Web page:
Nexperia – a Dutch chip company wholly owned by Shanghai-based Wingtech – this week confirmed plans to acquire the UK’s largest chip maker, Newport Wafer Fab (NWF).
Nexperia – a client of NWF’s foundry services – became the second largest shareholder in 2019. It has now completed the transaction to acquire 100 percent ownership of the semiconductor manufacturing facility, the UK’s largest.
NWF is renamed Nexperia Newport. NWF is primarily based in Wales, with smaller manufacturing operations in Manchester and Hamburg. The fab was first built in 1982 for Inmos to manufacture transputers.
It became NWF in 2017 and has received government support as part of an effort to develop South Wales as a center of excellence in compound semiconductors, which are faster and more energy efficient.
When NWF recently failed to meet certain terms of its supply contract with Nexperia, the partial owner exercised its right to appoint board members and thus lead the company. The Newport facility produces more than 35,000 200mm wafer starts per month, covering a wide range of semiconductor technologies.
The chips are being used in power supply applications for the automotive industry, which has been hit hard by the ongoing chip shortage. While financial details of the deal have not been disclosed, CNBC reports that it is worth around £63 million.
NWF’s outstanding debts, including £20 million with HSBC and £18 million with the Welsh Government, will be paid after the sale. CNBC quoted a Forrester analyst as saying: “A £63 million price tag for a wafer fab is minuscule. Most waffle factories cost more than £1 billion.
Even if this is older technology, this deal is ridiculously cheap.” By comparison, last week Texas Instruments announced it would buy a Micron plant in Utah for $900 million (£650 million). Nexperia said it would “maintain a strong foothold in the Welsh ecosystem and technological development and secure current jobs at the Newport site”.
Under new ownership, it will help Nexperia meet the rising demand for chips and enrich its analog, power and mixed signal capabilities. Achim Kempe, chief operating officer, Nexperia, said: “We are very pleased to include Newport as part of our global manufacturing footprint.
Nexperia has ambitious growth plans and the addition of Newport supports growing global demand for semiconductors.
The Newport facility has a highly skilled operations team and plays a vital role in ensuring the continuity of operations. We look forward to building a future together.”
Paul James, general manager of the Newport site, added: “The acquisition is great news for the workforce here in Newport and the wider business community in the region as Nexperia provides much needed investment and stability for the future.
We look forward to being part of the global Nexperia team and keen to maintain the current workforce. Additional local resources may also be required. We are also happy that we can continue to contribute to the local ecosystem.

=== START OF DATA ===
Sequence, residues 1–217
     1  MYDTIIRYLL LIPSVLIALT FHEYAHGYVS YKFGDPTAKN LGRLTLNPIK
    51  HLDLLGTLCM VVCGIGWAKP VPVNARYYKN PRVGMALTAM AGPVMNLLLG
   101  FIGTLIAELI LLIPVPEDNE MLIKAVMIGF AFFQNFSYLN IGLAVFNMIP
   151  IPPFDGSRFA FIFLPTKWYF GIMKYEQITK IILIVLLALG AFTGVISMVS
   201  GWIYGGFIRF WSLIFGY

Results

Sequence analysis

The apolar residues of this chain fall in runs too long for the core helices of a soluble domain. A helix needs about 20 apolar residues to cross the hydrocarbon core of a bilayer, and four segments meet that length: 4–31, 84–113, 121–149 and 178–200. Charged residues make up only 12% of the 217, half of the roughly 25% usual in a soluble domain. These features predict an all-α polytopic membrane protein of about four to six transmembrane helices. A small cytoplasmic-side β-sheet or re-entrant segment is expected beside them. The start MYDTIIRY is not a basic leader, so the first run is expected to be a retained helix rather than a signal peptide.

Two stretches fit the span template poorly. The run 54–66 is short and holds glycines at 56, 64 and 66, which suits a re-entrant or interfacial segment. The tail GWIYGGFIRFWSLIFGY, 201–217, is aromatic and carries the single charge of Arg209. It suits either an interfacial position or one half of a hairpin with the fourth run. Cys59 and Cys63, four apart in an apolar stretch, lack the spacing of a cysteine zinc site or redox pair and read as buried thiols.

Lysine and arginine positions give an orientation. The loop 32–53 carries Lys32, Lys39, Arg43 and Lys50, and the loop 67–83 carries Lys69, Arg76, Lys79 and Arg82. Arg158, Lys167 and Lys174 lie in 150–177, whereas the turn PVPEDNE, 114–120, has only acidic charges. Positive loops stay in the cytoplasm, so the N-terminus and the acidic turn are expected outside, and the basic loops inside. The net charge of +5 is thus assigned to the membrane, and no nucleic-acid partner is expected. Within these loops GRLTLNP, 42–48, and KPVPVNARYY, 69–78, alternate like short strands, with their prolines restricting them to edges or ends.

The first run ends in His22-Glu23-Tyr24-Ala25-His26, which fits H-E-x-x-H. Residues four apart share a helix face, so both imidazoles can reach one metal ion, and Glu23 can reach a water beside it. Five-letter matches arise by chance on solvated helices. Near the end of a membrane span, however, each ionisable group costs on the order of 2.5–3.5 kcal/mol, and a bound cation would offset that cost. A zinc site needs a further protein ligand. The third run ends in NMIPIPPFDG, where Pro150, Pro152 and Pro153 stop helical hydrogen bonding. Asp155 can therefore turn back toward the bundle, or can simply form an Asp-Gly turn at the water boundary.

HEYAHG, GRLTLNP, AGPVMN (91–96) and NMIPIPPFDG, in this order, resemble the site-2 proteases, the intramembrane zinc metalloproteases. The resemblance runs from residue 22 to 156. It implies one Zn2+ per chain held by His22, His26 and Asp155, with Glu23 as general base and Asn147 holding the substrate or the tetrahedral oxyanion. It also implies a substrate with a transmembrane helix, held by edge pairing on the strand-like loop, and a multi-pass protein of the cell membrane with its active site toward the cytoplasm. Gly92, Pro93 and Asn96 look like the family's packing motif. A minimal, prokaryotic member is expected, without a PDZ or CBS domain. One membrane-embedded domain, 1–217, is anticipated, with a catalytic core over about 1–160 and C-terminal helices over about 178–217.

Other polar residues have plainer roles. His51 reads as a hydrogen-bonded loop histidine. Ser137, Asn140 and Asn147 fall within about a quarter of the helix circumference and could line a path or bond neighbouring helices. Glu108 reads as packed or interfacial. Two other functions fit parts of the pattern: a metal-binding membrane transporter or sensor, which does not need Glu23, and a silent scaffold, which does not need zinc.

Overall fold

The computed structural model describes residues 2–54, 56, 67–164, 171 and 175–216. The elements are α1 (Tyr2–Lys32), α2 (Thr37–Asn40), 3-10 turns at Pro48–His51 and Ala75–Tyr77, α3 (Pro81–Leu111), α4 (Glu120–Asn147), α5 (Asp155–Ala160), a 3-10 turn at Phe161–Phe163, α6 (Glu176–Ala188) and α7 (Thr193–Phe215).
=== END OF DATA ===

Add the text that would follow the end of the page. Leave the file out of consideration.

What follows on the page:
” Under the terms of the deal, former NWF CEO Drew Nelson would be able to divest off the compound semiconductor portion of the foundry, while retaining the NWF brand. Nelson commented:
“The change of ownership of the Newport site marks an important step for both the future of the facility and the region. We are pleased to maintain the expertise in developing high-performance silicon devices in the 200mm wafer factory, while opening opportunities for us to add new semiconductor technologies.
” News of the takeover has been met with criticism that the UK government is not interfering in the sale of Britain’s largest chip foundry to a Chinese company amid a global chip shortage.
Tom Tugendhat, chairman of the Foreign Affairs Select Committee and China Hawk, told CNBC he was surprised the purchase is not being reviewed under the new National Security and Investment Act, which tightens rules around foreign investment in strategically important British industries and makes it easier.
makes for the government to block deals that could pose a national security risk. An investigation was launched in January into the acquisition of Nvidia’s $40 billion bid for Cambridge-based Arm, which designs the industry-standard chip architecture found in all categories of devices.
“After interacting with partners in the US and around the world, I know I’m not alone [with these concerns],” Tugendhat said.
“The semiconductor industry sector falls within the scope of the legislation, which is specifically designed to protect the country’s technology companies from foreign takeovers when there is a material risk to economic and national security.
“When the UK signed the Carbis Bay G7 communiqué, we pledged to take steps to build economic resilience in critical global supply chains, such as semiconductors.
This appears to be an immediate and very public reversal of that commitment.” Earlier this month, South Korea launched an investigation after Beijing-based Wise Road Capital struck a deal to buy semiconductor company MagnaChip, describing semiconductors as a “national core technology”.
In March, Italy blocked Shenzhen Investment Holdings from acquiring a majority stake in Milan-based semiconductor company LPE, calling the sector one of “strategic importance”. A Welsh Government spokesman said:
“Today’s announcement will secure 400 jobs and lead to a further significant investment in the facility, including in new equipment to help the business grow.
As part of this, the Welsh Government will get back its initial investment plus interest. Issues of Chinese property are a matter for the British government.”